Richard was appointed Chief Executive of the Mid-Essex Community & Mental Health Trust in 1996 and was responsible for the strategic planning, HR and estates & facilities. The Trust had gone through a period of difficult organisational change. However, he quickly developed a strong and coherent management team and rebuilt morale and a sense of strategic direction throughout the Trust. Significant quality improvements and developments in primary care and mental health care were made, including four innovative schemes. These initiatives significantly boosted stakeholder confidence in the local mental health services.
When the decision was taken in 1999 to restructure mental health services across North Essex, Richard directed the project and 'shadow' trust board. As a central member of the board he resourced and implemented the agreed action plan and also made a central contribution to bringing all care agencies together, including social services and user groups. He was appointed CE of the North Essex Mental Health Partnership NHS Trust when it was established in 1st April 2001. The Trust is one of the largest NHS partnership trusts in the country and currently hosts the National Institute of Mental Health (England) Eastern Development Partnership.
Throughout Richard Coleman's career, both in Social Services and subsequently Health Service Management, he has demonstrated an unrivalled commitment to the development and delivery of high quality mental health services and to their long-term development through research and service planning. He has ensured a high quality service is provided and that service users are at the centre of all developments. He has been a key influence in establishing partnerships, initially with Social Services, but latterly with the other stakeholders in mental health services. His work in North Essex has lead to a confidence within the Local Authority to be able to transfer services to be managed by the new partnership mental health trust.
Richard's commitment to service and organised learning and development has been demonstrated through his visits to other services and health systems, his wide networks and his encouragement and coaching of others in the field. Thus, he has led the way in the development of Partnership Trusts and has been a champion of mental health promotion for many years. His ability to network amongst wider health services has also helped to prevent the marginalisation of mental health services.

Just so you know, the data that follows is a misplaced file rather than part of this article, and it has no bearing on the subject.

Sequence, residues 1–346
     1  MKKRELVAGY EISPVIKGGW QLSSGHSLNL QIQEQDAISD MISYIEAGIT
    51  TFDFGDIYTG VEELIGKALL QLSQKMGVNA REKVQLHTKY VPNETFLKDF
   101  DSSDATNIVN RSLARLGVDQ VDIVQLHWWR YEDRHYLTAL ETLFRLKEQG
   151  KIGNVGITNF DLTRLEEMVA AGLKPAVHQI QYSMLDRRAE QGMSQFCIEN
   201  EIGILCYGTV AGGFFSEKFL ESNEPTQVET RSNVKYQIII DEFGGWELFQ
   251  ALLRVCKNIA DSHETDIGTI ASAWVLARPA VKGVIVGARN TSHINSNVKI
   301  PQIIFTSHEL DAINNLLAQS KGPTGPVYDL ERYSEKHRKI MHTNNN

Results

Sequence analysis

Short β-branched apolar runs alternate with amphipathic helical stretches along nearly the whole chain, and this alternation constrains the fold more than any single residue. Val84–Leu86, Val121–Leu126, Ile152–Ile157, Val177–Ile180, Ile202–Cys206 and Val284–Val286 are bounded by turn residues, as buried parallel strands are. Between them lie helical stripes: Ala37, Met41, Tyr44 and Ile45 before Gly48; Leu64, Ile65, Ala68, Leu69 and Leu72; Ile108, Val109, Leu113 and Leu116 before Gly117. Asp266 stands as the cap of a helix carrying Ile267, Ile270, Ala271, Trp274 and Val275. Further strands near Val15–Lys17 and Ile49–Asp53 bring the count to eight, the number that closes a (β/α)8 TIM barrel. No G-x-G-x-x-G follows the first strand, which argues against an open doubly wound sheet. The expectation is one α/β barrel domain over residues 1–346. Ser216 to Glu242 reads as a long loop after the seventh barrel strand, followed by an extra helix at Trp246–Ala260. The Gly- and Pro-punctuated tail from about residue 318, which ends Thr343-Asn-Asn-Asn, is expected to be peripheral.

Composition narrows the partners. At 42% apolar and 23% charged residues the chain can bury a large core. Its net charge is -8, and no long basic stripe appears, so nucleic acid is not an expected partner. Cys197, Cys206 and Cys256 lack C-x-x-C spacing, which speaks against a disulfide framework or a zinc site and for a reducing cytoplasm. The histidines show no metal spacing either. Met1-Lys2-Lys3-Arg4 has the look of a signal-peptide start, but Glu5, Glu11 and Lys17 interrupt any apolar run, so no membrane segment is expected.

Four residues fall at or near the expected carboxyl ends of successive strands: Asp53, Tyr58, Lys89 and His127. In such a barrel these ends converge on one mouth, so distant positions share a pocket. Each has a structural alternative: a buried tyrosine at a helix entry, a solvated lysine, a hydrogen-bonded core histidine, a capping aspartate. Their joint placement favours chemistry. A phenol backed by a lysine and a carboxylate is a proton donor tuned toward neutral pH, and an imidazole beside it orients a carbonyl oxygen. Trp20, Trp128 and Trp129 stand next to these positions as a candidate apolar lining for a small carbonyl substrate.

As a colleague Richard is supportive and stimulating in his ability to put forward innovative proposals for the short and long term development of services. His style is open and inclusive and he has deservedly earned the respect and trust of colleagues at all levels, both within the trust and in the wider health economy. He is fully committed to continuous learning and promotes the trust as a learning environment, enabling and encouraging staff of all grades to undertake studies relevant to their grade. He also engages in regular meetings with the Dean of Community Health & Social Studies and senior academics from the Mental Health Studies field. Richard is always willing to meet with students both on placement and in the university, and is central to the development of the partnership arrangements between APU and the trust.
Richard Coleman has been a member of the National Task Force on Mental Health, DOH groups for Mental Health CEs, the NHSE/SSS Task Force 'Good Practice in Care Management' and other Department of Health committees. He is currently on various local committees and working groups, including Victim Support, NACRO, MIND and the Housing Association. He completed the Kings Fund 'Top Managers' programme in 1996, the Stanford University 'Leading Change & Organisational Renewal' course in 2001 and the NHS Leadership Centre's 'Chief Executives Development Programme' in 2002.
It is for these reasons, therefore, that I invite you, Vice Chancellor, to confer on Richard Coleman, the degree of Honorary Doctor of the University."